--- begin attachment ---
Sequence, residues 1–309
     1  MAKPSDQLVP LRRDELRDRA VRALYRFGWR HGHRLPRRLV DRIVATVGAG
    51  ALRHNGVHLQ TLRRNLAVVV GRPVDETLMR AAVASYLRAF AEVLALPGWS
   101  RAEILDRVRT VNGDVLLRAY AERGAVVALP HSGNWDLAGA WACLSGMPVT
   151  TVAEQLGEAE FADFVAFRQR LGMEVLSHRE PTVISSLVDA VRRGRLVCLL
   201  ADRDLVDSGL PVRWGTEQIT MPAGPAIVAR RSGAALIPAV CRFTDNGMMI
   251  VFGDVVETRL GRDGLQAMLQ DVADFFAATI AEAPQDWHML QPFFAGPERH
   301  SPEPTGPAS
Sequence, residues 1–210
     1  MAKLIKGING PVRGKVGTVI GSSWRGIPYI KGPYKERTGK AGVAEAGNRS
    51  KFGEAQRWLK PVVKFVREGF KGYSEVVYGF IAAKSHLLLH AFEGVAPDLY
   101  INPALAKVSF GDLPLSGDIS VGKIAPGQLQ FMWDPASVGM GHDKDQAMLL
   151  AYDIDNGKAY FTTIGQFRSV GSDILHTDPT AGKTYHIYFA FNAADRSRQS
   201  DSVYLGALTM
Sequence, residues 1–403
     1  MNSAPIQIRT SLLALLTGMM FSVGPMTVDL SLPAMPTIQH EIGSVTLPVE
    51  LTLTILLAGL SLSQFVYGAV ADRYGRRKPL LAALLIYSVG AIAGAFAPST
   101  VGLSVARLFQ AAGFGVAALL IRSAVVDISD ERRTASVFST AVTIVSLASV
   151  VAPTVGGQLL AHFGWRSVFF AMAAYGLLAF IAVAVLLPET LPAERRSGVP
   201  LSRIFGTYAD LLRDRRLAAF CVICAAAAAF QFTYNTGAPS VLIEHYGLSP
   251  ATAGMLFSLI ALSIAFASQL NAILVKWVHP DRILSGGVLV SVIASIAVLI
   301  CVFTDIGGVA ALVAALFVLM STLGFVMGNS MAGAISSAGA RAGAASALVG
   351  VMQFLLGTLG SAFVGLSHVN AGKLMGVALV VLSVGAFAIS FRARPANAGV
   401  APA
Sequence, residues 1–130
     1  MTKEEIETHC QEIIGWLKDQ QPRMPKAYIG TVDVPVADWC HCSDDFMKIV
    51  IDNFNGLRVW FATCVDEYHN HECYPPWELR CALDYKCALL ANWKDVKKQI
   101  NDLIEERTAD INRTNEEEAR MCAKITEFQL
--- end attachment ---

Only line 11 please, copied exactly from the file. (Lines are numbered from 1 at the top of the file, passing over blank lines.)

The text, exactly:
    51  KFGEAQRWLK PVVKFVREGF KGYSEVVYGF IAAKSHLLLH AFEGVAPDLY